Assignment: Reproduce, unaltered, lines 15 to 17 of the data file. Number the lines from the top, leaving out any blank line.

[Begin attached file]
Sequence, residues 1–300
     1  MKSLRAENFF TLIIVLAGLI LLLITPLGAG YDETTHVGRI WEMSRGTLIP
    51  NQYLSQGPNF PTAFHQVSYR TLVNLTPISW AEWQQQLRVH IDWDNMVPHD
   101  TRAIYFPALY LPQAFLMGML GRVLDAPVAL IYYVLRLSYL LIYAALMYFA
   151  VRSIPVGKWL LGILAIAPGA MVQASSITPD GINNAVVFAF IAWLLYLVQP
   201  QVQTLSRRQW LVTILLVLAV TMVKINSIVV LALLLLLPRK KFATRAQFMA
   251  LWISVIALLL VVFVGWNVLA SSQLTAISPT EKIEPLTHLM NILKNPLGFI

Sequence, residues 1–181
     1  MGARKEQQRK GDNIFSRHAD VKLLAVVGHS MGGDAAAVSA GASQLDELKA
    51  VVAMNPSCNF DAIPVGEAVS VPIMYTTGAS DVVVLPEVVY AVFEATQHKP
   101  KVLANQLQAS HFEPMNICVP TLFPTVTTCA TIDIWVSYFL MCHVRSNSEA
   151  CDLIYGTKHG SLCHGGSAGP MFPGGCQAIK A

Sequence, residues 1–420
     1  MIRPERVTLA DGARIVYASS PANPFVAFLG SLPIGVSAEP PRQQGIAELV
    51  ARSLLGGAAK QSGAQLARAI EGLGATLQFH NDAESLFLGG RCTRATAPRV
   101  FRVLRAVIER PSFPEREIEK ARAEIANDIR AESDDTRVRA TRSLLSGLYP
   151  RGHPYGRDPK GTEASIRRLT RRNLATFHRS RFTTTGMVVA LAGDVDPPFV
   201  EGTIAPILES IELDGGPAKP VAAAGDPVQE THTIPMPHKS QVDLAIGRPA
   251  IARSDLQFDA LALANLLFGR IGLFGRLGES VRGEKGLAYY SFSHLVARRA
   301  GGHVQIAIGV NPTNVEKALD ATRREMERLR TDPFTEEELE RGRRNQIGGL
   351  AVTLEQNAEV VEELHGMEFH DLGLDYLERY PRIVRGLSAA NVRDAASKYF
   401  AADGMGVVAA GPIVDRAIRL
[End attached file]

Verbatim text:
    51  ARSLLGGAAK QSGAQLARAI EGLGATLQFH NDAESLFLGG RCTRATAPRV
   101  FRVLRAVIER PSFPEREIEK ARAEIANDIR AESDDTRVRA TRSLLSGLYP
   151  RGHPYGRDPK GTEASIRRLT RRNLATFHRS RFTTTGMVVA LAGDVDPPFV